The International Federation of Robotics has released its annual World Robotics Report at a press conference at the World Robot Summit in Tokyo.
One of the main findings of the report is that global industrial robot sales have doubled over the past five years.
Another is that a new record high of 381,000 units were shipped globally in 2017 – an increase of 30 percent compared to the previous year.
The sales value increased by 21 percent compared to 2016 to a new peak of $16.2 billion in 2017.
The World Robotics Report which is published every year by the IFR was presented during a press conference held by the IFR at the bi-annual World Robot Summit which currently takes place in Tokyo.
Some of the main findings show that the investments in industrial robots keep increasing. In fact, the global industrial robot sales doubled from 2013 to 2017 (114 percent) and the outlook for the next three years (2018-2021) estimates that the global sales will increase 14 percent per year on average.
Esben Østergaard, co-founder and CTO at Universal Robots, says: “As with previous reports from IFR, the findings this year is in line with our own experiences at Universal Robots.
“We also see a significant interest and desire to automate processes and more and more companies – no matter the size – are realizing the benefits of robots in their manufacturing setups.”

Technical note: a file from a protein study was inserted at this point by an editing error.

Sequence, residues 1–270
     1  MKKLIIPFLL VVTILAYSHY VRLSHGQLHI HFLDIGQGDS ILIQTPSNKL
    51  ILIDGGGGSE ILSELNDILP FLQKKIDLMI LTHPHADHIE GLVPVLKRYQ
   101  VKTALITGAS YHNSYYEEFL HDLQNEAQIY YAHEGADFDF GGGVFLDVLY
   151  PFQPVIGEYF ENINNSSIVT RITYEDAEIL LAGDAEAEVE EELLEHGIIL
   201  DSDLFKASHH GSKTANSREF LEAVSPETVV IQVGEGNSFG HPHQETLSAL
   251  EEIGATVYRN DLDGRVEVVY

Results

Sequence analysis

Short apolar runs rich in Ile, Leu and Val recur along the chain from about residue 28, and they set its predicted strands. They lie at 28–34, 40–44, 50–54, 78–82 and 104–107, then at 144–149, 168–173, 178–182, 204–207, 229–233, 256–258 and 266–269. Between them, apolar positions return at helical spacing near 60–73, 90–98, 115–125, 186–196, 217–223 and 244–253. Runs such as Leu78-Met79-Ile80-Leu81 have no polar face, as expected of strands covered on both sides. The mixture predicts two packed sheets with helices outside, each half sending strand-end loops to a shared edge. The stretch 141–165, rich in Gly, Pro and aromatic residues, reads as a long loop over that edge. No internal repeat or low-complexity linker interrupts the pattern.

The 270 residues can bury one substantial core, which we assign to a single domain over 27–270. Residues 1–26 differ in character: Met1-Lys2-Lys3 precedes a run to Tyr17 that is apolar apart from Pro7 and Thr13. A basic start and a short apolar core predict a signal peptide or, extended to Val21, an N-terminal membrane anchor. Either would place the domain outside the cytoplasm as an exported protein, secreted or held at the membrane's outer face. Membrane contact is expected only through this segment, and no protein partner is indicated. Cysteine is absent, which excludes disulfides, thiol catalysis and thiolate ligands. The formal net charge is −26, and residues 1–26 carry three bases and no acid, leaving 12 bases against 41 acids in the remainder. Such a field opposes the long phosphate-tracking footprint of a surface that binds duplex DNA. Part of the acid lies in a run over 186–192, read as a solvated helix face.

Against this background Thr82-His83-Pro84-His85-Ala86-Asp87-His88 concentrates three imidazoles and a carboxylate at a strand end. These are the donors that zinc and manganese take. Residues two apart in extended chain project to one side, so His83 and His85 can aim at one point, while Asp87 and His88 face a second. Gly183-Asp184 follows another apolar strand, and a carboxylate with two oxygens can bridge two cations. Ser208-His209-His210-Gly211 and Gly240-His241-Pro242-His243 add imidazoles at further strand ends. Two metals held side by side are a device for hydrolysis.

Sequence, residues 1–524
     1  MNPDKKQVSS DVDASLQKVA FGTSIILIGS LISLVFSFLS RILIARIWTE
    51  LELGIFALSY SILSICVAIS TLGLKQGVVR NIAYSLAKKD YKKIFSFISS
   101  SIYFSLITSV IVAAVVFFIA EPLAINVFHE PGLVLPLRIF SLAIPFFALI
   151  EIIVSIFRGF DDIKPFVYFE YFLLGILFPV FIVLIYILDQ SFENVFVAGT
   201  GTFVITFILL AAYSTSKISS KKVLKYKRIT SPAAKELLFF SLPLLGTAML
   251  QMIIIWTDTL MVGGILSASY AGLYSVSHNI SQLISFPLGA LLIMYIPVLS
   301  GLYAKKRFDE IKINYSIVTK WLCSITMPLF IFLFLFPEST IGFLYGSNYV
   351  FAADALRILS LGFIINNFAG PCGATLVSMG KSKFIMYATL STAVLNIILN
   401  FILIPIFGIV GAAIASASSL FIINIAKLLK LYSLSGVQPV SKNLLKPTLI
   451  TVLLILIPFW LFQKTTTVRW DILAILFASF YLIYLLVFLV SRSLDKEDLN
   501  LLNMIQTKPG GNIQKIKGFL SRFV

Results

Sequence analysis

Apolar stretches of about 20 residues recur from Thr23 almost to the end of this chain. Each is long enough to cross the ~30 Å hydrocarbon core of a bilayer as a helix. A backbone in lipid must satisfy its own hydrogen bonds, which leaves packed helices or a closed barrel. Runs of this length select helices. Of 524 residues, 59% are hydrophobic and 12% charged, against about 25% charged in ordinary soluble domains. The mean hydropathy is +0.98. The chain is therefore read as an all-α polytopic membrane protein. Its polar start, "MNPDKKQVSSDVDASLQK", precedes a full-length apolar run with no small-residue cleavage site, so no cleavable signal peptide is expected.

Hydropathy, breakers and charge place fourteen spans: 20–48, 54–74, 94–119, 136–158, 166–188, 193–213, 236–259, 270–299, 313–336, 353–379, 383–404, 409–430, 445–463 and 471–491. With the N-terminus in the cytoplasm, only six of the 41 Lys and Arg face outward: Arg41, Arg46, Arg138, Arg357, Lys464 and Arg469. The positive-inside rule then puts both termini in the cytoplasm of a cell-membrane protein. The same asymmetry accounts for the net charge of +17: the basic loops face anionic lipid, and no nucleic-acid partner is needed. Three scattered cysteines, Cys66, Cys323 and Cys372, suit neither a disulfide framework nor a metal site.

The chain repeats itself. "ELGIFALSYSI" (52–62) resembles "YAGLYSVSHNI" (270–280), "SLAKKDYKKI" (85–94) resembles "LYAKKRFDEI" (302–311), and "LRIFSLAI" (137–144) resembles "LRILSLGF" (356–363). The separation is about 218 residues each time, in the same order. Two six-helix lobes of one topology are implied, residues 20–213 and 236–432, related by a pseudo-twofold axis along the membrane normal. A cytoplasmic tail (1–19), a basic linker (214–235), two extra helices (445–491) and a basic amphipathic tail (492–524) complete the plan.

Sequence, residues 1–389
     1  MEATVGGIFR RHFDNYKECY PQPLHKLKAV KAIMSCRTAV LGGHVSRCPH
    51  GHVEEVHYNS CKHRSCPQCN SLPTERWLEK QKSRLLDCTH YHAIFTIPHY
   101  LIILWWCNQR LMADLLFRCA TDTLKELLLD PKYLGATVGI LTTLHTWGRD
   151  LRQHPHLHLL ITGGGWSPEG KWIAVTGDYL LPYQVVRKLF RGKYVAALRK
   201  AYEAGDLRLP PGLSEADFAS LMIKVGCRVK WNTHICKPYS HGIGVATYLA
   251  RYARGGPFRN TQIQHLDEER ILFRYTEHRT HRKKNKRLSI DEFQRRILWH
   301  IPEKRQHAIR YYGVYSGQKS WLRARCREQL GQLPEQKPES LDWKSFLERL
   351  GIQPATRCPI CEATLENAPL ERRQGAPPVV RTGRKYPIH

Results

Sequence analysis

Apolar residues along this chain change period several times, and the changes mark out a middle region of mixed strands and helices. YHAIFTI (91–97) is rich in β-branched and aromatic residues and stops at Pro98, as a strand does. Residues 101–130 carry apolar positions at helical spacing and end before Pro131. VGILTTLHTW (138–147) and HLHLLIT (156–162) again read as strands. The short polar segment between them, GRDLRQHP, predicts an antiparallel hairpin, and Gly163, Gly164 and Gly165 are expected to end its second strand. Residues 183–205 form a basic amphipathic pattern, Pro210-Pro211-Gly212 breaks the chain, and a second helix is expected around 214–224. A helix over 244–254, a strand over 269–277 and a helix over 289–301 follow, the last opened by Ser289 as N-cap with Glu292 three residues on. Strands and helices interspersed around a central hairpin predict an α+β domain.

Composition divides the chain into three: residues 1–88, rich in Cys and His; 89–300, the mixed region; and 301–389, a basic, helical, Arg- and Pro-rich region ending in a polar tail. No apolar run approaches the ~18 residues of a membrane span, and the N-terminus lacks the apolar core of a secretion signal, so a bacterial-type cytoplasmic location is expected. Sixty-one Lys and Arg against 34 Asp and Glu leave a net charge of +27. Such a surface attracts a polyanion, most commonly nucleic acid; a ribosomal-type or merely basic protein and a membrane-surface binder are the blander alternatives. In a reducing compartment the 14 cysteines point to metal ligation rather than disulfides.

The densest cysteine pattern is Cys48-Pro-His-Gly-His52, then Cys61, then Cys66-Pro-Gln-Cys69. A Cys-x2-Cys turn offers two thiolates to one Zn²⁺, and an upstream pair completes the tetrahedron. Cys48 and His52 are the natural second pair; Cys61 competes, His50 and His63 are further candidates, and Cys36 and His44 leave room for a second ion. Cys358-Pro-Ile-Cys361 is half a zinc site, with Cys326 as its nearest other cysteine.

In the 2018 report the IFR highlights many cutting-edge technologies such as the concept of man-machine collaboration and easy programming which will help improve the productivity of manufacturing and expand the area of robot applications.
Østergaard says: “Robotic automation improves consistency of quality and consistency of flow. Collaborative robots – in its essence man-machine collaboration – are especially compelling as they work together with human workers instead of replacing them.
“We definitely see an accelerating demand for consumer goods that display an element of ‘the human touch’ along with consistently high quality.”
Universal Robots has always believed in easy programming which is one of the reasons the company is market leader within collaborative robots today.
Østergaard adds: “Making it easy to understand and program our cobots has been a part of our DNA since the very beginning. We actually define ‘collaborative’ by the ease-of-use and ease of integration.
“That is what really sets us apart from our competitors and I’m pleased that IFR highlights that as cutting-edge as I couldn’t agree more.”
The report sees a growing demand for robotic automation specifically within the auto industry, electronics, and the metal industry.
Five major markets – China, Japan, South Korea, the United States and Germany – represented 73 percent of the total sales volume in 2017 which corresponds with Universal Robots’ experience as key markets.